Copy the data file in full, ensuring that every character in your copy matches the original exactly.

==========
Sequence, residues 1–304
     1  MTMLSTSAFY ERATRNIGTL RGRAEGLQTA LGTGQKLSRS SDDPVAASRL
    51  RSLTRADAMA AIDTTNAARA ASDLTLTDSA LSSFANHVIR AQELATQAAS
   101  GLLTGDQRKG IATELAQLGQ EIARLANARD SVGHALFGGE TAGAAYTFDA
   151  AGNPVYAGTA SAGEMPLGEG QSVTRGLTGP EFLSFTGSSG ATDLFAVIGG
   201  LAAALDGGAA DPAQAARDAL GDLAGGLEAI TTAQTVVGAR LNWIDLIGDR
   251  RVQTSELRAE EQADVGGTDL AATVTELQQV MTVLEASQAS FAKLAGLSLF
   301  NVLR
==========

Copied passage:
Sequence, residues 1–304
     1  MTMLSTSAFY ERATRNIGTL RGRAEGLQTA LGTGQKLSRS SDDPVAASRL
    51  RSLTRADAMA AIDTTNAARA ASDLTLTDSA LSSFANHVIR AQELATQAAS
   101  GLLTGDQRKG IATELAQLGQ EIARLANARD SVGHALFGGE TAGAAYTFDA
   151  AGNPVYAGTA SAGEMPLGEG QSVTRGLTGP EFLSFTGSSG ATDLFAVIGG
   201  LAAALDGGAA DPAQAARDAL GDLAGGLEAI TTAQTVVGAR LNWIDLIGDR
   251  RVQTSELRAE EQADVGGTDL AATVTELQQV MTVLEASQAS FAKLAGLSLF
   301  NVLR